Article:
- Chlorinated plastic can release harmful chemicals into the surrounding soil, which can then seep into groundwater or other surrounding water sources, and also the ecosystem
- As mentioned above, plastics that break down in landfills without adequate liners and leachate management, may contaminate soil with their leachate. Contaminated soil can lead to contaminated sediment, and contaminated fresh water sources too
- … every year … about 4 million tonnes plastic passes along rivers. In some cases, there can be over half a million plastic fragments per square metre of river bed.
- Humans also ingest microplastics via food: they have already been detected not only in fish and seafood, but also in salt, sugar and beer
- … tiny fragments of plastic can be accumulated in yeasts and filamentous fungi
- Microplastics can even be found in tap water
- It’s estimated the average person already ingests around 2,000 microplastic particles a week – around five grams, or the weight of a credit card.
- [Water can be measured for plastic pollution by measuring plastic particles per litre]
- [Microplastic concentrations vary between rivers and lakes worldwide]
- [Recorded concentrations in bottled water can be far higher than lakes and rivers]
- Although wastewater treatment removes most particles from polluted water, millions still make it through the filters and back into the water supply
- The concentration in drinking water can go up after storm events and heavy rainfall, which wash microplastics into reservoirs, temporarily bypassing wastewater treatment
- Rates also tend to be higher downstream of effluent discharge, and in areas near densely populated urban centres
- [humans ingest microplastics from food and water, and from plastic utensils, and from breathing]
- [potential risks from microplastics in the human body are toxicity of the particles, plastic additives, pollutants that accumulate on the plastic, biofilms, and the spread of pathogens and antimicrobial resistance]
- [right now, it is considered there is insufficient information to make firm conclusions on what plastics do to the human body … but, right now, it’s thought plastics are inert when ingested and pass through our bodies without uptake]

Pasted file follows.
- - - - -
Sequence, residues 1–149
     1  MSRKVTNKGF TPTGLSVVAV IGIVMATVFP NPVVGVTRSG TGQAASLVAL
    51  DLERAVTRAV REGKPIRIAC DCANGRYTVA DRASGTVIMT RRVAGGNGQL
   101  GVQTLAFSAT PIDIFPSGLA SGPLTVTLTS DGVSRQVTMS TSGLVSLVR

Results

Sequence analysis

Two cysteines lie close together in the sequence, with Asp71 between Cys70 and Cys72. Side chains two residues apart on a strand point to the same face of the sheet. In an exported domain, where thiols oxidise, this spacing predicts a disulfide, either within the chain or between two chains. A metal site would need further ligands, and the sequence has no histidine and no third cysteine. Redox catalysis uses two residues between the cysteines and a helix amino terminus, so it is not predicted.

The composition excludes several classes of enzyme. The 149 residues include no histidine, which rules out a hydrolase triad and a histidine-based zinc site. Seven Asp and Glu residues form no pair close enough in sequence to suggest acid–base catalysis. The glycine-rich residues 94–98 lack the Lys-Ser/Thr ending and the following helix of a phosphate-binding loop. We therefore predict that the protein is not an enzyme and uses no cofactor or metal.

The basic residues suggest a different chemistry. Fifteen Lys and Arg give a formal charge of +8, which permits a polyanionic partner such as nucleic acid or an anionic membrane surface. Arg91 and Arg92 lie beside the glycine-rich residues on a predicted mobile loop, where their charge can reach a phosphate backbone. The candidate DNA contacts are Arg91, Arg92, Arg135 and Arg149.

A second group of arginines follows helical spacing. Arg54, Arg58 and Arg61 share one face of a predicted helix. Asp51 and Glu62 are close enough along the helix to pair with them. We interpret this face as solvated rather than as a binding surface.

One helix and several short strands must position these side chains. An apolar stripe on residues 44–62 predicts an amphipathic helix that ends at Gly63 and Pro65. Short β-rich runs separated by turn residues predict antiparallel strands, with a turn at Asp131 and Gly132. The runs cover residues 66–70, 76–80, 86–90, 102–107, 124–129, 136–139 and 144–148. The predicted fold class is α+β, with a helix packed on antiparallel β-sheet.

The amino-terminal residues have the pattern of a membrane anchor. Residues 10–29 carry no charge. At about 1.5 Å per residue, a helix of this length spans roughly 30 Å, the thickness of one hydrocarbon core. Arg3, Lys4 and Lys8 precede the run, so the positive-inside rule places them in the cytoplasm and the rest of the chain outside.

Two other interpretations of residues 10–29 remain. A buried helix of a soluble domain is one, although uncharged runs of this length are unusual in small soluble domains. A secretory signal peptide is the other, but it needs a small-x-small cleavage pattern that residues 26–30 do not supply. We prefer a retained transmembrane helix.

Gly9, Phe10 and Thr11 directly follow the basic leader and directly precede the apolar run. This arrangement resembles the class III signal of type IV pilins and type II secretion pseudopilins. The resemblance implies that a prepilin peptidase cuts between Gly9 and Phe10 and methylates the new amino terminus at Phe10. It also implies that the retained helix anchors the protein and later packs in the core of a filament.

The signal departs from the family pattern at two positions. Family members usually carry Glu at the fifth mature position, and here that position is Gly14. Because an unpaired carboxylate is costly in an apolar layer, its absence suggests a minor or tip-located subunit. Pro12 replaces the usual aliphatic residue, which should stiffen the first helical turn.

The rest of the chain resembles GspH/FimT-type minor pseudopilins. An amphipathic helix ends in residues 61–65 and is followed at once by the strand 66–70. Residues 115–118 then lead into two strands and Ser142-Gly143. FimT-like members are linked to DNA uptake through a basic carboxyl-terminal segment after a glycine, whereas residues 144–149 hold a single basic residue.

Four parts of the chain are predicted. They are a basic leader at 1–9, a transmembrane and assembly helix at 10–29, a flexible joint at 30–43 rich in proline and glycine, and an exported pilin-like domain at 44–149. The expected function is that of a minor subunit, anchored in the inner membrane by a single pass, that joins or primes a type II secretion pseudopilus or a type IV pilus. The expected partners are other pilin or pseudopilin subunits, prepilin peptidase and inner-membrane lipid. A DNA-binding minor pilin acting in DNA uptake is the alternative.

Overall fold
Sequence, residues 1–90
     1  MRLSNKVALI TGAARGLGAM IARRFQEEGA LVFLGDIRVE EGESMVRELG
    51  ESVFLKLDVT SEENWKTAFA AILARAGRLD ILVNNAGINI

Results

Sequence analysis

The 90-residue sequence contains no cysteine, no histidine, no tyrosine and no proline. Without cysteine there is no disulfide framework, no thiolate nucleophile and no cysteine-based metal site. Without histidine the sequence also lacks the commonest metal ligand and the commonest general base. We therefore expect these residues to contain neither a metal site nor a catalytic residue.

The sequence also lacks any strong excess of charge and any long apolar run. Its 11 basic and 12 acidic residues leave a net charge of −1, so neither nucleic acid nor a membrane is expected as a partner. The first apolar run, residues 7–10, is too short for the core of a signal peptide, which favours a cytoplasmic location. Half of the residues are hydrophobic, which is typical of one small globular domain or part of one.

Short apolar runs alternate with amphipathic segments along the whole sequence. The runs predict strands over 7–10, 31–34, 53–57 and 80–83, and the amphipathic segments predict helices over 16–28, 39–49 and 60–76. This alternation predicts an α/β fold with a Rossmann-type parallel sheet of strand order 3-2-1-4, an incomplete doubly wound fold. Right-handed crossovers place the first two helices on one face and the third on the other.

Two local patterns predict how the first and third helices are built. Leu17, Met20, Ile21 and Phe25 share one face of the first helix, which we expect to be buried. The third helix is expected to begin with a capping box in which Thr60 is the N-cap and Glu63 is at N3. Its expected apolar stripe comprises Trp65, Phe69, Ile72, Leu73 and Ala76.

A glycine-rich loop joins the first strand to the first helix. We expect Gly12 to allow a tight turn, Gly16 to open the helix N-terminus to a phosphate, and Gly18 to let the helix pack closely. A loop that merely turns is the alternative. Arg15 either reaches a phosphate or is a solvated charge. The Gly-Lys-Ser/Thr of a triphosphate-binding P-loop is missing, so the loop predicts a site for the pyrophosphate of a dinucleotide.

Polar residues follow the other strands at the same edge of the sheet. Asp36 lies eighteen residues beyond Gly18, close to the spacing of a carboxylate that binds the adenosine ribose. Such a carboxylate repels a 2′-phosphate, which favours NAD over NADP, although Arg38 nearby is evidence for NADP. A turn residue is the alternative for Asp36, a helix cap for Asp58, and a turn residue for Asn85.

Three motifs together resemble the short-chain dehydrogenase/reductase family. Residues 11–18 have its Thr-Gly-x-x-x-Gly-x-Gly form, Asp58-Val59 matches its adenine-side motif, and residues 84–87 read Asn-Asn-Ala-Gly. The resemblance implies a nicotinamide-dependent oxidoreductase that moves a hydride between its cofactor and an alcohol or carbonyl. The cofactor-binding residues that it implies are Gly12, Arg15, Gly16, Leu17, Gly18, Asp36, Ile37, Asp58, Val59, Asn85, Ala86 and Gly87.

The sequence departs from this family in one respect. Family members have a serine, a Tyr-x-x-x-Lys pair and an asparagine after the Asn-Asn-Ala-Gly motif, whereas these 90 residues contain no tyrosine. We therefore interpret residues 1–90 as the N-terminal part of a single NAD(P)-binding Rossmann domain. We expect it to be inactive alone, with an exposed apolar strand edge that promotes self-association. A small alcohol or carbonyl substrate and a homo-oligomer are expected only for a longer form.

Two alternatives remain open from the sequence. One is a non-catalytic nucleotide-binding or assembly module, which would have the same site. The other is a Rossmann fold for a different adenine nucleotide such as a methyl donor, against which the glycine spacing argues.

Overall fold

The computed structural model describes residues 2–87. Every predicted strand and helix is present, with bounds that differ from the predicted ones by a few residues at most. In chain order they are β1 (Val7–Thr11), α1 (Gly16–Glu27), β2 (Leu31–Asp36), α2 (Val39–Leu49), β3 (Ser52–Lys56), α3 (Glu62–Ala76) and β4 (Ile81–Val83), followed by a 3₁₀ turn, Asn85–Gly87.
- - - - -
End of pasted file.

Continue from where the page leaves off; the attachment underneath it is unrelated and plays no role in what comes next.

- [there appears to be] no reliable information at this time that would suggest any overt health concerns associated with microplastic particles … and there low concern for human health
- … microplastics larger than 150 micrometres are not likely to be absorbed in the human body and the uptake of smaller particles “is expected to be limited.”
- … levels of particles found in drinking water varied so widely between the different studies that no conclusions could be drawn
- … microbial pathogens still represent “the most significant public health threat in drinking-water” [in the world]
- Recent studies into water contamination have found microplastics in 83% of tap water samples from major cities around the world and in 93% of samples from the world’s top 11 bottled water brands.
- … there is an observable correlation between the presence of plastic substances in the blood (specifically BPA and phthalates) and higher rates of certain health issues. Some of these health issues include chromosomal and reproductive abnormalities, early puberty, childhood obesity, and increased blood pressure. The result of this lack of hard causal evidence is part of the reason there remains no FDA regulation setting a limit of microplastic contamination in bottled water.
- … We have shown that our drinking water supply is heavily contaminated with microplastics. We have shown that those who have been exposed to certain forms of plastic contamination have a higher likelihood of developing certain serious health issues. We have even shown that these plastic chemicals directly cause these health impacts in lab animals. Given all this circumstantial evidence, the lack of proof for direct causation seems to be a pretty week argument for delaying regulation.
Wildlife & Living Organisms
- … earlier studies have demonstrated that microplastics might be harmful to ecosystems when ingested by aquatic key organisms … [and it is thought that there could be a similar impact on land based organisms]
- Microplastics can also interact with soil fauna, affecting their health and soil functions … Earthworms, for example, make their burrows differently when microplastics are present in the soil, affecting the earthworm’s fitness and the soil condition.
- Generally speaking, when plastic particles break down, they gain new physical and chemical properties, increasing the risk that they will have a toxic effect on organisms. And the more likely it is that toxic effects will occur, the larger the number of potentially affected species and ecological functions. Chemical effects are especially problematic at the decomposition stage … [where] additives such as phthalates and Bisphenol A leach out of plastic particles. These additives are known for their hormonal effects and can potentially disrupt the hormone system not only of vertebrates, but also of several invertebrates
- … nano-sized [plastic] particles may cause inflammation; they may traverse or change cellular barriers, and even cross highly selective membranes such as the blood-brain barrier or the placenta. Within the cell, they can trigger changes in gene expression and biochemical reactions, among other things. The long-term effects of these changes have not yet been sufficiently explored. However, it has already been shown that when passing the blood-brain barrier nanoplastics have a behaviour-changing effect in fish.
– sciencedaily.com, unenvironment.org